You are not a good Lasik candidate if your contact lens or glasses prescription is fluctuating. Most healthcare providers prefer your prescription to be stable for longer than one year. However, one year is a minimum. Prescriptions can fluctuate for a variety of reasons. Contact lens wear, diabetic blood sugar changes, and normal aging changes can cause your prescription to change over time. Lasik is a permanent procedure. It makes sense to make sure your prescription is stable before having Lasik eye surgery.


You Are Not in Good General Health

Certain medical conditions can affect the way your body heals after surgery. Patients with autoimmune diseases are not good Lasik candidates. Many autoimmune conditions cause dry eye syndrome. A dry eye may not heal well and has a higher risk of post-Lasik infection. Other conditions such as diabetes, rheumatoid arthritis, lupus, glaucoma, or cataracts often affect Lasik results. You should have had no eye infections or injuries within the past year prior to undergoing Lasik. Infection and injury can leave behind corneal scarring that may have detrimental effects.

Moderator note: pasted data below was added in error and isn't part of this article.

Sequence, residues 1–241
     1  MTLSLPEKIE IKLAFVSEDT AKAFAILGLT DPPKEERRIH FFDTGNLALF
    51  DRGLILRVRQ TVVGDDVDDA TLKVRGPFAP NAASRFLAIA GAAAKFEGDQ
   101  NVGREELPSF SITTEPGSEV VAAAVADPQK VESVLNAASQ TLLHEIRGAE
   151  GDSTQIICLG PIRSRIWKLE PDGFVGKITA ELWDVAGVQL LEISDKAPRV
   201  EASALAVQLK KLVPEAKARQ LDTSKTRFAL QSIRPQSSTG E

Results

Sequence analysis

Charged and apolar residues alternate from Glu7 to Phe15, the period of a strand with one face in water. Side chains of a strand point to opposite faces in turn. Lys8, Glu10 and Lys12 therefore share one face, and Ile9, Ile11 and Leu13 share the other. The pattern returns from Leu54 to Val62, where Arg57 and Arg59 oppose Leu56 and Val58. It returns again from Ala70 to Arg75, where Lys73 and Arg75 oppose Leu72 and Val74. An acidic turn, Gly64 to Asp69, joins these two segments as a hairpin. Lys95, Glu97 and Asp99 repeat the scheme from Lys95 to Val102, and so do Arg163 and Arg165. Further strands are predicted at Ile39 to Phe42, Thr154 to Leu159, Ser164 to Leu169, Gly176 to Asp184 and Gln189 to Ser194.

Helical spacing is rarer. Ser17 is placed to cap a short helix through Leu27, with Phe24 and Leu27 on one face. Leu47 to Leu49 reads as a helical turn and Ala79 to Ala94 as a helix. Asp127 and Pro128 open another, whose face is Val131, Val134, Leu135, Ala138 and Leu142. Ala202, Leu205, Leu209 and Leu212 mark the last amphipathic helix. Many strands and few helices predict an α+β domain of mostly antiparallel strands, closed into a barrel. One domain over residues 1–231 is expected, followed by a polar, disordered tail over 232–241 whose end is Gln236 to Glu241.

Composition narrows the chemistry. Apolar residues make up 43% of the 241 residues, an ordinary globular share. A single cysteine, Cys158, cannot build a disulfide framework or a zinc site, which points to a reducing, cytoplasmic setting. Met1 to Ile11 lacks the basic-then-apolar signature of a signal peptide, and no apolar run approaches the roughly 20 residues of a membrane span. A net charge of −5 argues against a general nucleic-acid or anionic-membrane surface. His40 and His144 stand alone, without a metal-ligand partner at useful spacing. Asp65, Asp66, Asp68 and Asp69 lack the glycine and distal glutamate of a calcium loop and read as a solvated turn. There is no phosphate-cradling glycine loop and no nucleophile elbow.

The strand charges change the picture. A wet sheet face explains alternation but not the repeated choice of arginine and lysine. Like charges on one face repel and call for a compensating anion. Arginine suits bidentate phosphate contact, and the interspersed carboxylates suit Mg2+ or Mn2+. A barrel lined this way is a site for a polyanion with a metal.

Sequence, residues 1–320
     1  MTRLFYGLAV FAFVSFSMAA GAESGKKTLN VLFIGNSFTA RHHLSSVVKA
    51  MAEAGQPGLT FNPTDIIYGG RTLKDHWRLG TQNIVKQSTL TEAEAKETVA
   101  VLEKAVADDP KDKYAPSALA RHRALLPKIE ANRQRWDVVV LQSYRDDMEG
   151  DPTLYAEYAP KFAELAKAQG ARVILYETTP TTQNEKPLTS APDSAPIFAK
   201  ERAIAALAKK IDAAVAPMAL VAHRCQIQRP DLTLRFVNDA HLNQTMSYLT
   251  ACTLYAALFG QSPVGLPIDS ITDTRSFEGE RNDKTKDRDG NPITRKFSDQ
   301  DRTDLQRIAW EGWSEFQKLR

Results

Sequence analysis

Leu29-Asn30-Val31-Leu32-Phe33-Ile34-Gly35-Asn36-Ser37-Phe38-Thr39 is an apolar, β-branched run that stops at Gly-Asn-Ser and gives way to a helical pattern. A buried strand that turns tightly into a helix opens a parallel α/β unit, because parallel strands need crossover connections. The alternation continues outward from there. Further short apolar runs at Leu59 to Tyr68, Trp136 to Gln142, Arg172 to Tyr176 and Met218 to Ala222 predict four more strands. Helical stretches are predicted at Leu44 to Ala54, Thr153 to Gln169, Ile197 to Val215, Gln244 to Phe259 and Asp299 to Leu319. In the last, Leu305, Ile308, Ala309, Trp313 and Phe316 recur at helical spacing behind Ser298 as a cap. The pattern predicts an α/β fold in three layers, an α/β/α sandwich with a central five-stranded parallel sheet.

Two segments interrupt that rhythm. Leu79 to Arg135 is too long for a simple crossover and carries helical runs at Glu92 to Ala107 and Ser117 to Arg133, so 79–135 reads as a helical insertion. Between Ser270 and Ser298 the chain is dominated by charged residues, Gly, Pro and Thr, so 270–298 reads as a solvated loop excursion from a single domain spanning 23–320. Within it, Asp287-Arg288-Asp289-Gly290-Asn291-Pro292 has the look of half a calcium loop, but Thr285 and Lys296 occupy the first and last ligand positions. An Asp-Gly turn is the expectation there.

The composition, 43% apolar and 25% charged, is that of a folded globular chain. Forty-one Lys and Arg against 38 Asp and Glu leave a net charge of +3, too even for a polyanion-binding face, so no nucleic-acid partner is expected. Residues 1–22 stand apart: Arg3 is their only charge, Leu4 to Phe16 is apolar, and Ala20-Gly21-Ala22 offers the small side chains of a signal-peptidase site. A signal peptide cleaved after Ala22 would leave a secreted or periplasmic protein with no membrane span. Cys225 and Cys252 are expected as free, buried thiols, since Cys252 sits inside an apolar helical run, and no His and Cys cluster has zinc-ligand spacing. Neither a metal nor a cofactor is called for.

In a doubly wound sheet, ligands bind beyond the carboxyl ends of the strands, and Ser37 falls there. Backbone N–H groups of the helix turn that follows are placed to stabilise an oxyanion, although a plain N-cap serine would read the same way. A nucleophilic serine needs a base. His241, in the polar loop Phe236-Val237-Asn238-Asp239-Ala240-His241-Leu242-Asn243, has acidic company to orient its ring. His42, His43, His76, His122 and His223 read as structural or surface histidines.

You Have Dry Eye Syndrome

Having dry eye syndrome is usually a disqualifier for Lasik. A person with dry eyes has an increased risk for significant post-Lasik discomfort and a possible worsening of dry eye symptoms. Having dry eyes can also delay proper healing. This is not to say that a person with dry eyes cannot have Lasik. Your healthcare provider will examine you to determine the severity of your dry eye condition. Sometimes patients are placed on special dry eye medications before Lasik eye surgery. Certain procedures, such as ​punctal occlusion, may be performed to help the dry eye condition and minimize unwanted symptoms.


You Have Unrealistic Expectations